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Pharmacy/high protein meal after taking ppi's

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QUESTION: I am taking one of the proton pump inhibitors to reduce stomach acid. I read more than one study that says it is important not only to eat one hour after taking it, but to eat a meal high in protein, to maximize the effectiveness of the drug ("Without sufficient protein in the meal following PPI intake, only about 10% of the proton pumps will be stimulated.") It suggests high protein foods like milk, cheese, yogurt. But does it need to be solid food, or would a high protein shake/drink made from powder accomplish the same goal?  Thank you

ANSWER: Lee

I'm afraid I have never heard of the need for high protein intake whilst taking a PPI. Certainly there is no such reference in the UK datasheet.

Whilst the (near) total acid suppression that is produced by PPI use, adding in extra protein doesn't seem logical as it means a smaller proportion of the whole is likely to be digested. Anyone eating a normal diet should not become protein deficient through use of a PPI - many thousands of patients use them almost continuously and show no signs of deficiency.

Has the information you cite come from a credible reference source (Medline, FDA etc.) or from pseudo-medical sites, where information is often inaccurate and written by non-clinicians with other motives (e.g. selling dietary supplements)?

If you can provide the references, I can review them and comment further.

---------- FOLLOW-UP ----------

QUESTION: I included the link to the study, it's by an M.D. of internal medicine and was published in Practical Gastroenterology. I've read elsewhere about eating an hour after taking ppi's, especially eating protein, and not only to give the drug time to be absorbed. The point was not that ppi's make one deficient in protein, but that eating that helps to activate them and make them work more effectively. In the study attached, it says if you don't do that the ppi is only 10% effective. See what you think.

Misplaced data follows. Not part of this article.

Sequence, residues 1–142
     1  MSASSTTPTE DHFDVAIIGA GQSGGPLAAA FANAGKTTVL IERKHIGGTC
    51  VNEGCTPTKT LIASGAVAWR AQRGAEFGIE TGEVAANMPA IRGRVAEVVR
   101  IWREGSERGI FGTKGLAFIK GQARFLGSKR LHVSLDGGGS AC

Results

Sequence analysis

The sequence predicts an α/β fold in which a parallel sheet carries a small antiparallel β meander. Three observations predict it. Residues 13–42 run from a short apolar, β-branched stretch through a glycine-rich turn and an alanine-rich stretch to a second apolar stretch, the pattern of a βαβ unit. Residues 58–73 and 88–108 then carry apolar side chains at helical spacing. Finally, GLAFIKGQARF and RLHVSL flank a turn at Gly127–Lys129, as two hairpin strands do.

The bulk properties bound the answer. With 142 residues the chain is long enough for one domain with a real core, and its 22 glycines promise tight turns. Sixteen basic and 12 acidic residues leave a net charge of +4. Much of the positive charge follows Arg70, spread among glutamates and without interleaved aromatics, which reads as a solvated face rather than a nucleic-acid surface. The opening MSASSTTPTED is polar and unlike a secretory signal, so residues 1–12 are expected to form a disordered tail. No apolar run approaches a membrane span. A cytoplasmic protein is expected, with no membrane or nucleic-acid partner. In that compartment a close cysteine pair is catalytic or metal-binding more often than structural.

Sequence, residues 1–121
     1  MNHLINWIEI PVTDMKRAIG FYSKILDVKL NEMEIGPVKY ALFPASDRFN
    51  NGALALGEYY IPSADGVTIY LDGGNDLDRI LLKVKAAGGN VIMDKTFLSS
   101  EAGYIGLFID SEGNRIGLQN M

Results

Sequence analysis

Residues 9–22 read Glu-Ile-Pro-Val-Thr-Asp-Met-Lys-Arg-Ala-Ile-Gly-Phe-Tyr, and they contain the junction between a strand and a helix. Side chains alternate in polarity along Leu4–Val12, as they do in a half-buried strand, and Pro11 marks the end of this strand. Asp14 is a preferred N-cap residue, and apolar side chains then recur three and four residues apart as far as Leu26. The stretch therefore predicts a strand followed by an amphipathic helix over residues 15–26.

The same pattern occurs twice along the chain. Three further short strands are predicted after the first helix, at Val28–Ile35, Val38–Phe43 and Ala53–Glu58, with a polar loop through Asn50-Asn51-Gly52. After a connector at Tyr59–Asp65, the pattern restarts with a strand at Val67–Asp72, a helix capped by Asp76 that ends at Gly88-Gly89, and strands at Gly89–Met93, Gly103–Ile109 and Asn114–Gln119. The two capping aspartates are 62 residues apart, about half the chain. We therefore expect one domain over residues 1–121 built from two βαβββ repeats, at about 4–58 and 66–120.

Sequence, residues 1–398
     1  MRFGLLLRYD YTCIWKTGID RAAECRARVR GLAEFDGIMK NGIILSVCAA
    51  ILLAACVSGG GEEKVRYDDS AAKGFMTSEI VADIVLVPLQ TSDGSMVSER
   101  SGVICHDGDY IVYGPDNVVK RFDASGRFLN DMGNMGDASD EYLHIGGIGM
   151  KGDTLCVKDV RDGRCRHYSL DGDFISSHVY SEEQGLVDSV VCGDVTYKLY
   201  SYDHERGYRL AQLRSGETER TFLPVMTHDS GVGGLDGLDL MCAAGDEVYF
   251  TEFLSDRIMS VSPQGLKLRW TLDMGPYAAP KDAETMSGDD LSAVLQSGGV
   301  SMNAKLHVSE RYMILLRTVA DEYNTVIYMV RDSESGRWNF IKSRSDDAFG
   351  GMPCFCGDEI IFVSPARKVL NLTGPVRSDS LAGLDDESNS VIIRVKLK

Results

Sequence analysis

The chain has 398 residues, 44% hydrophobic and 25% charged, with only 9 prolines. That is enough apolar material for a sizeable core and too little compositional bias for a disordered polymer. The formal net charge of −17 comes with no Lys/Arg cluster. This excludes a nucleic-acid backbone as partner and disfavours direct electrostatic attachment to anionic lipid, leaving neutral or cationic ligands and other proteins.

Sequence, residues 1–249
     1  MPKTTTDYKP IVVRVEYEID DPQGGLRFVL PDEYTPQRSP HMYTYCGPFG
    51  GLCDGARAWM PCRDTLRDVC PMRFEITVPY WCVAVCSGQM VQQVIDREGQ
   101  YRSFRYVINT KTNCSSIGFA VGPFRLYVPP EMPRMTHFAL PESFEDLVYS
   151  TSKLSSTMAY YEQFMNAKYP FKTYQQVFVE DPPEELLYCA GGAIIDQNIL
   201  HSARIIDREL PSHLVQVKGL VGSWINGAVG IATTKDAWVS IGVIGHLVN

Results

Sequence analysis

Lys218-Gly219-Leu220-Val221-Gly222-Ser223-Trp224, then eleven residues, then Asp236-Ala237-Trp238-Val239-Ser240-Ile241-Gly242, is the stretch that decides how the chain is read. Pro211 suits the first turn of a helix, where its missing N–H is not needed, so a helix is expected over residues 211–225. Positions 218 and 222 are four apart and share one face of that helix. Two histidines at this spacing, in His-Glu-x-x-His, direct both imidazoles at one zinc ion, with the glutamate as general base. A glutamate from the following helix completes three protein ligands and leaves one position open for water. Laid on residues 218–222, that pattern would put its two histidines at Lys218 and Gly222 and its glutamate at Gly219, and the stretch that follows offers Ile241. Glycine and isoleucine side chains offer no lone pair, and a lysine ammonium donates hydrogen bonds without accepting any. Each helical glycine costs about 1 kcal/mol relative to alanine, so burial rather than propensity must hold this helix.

http://www.practicalgastro.com/pdf/January07/Jan07FrankArticle.pdf

Answer
Lee

The point is that protein stimulates the acid producing cells in the stomach, so the PPI can be more effective. I wouldn't say a high protein diet is critical, but protein may mean that the PPI is effective earlier, so speeding healing.

I don't think there is a need for significant protein intake above normal, the message from the editorial is to include a reasonable amount of protein in breakfast - and not just starches from toast etc. Cereal with milk, or simply a reasonably sized glass of milk (whichever fat content you prefer as protein content will be similar) will probably be sufficient.

It is not worth wasting money on special high protein drinks - they are never really needed by the vast majority of people. It's just marketed that way.

Ultimately the decision is yours, but I wouldn't say an extreme change in protein consumption is necessary.

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Nigel Simmons

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I am happy to answer general questions on medicines and hospital care. If possible, please use approved / chemical names rather than brands which are not internationally recognised. Like all health professionals I am bound by a duty of care which prevents me giving detailed information about medication or treatment of people other than the questioner. I will endeavour to help wherever possible or point towards more appropriate advice. If however your question crosses too far into patient confidentiality, I hope you will understand why I cannot answer your question. Consider.. would you want me to discuss your care with a friend or relative without your knowledge?

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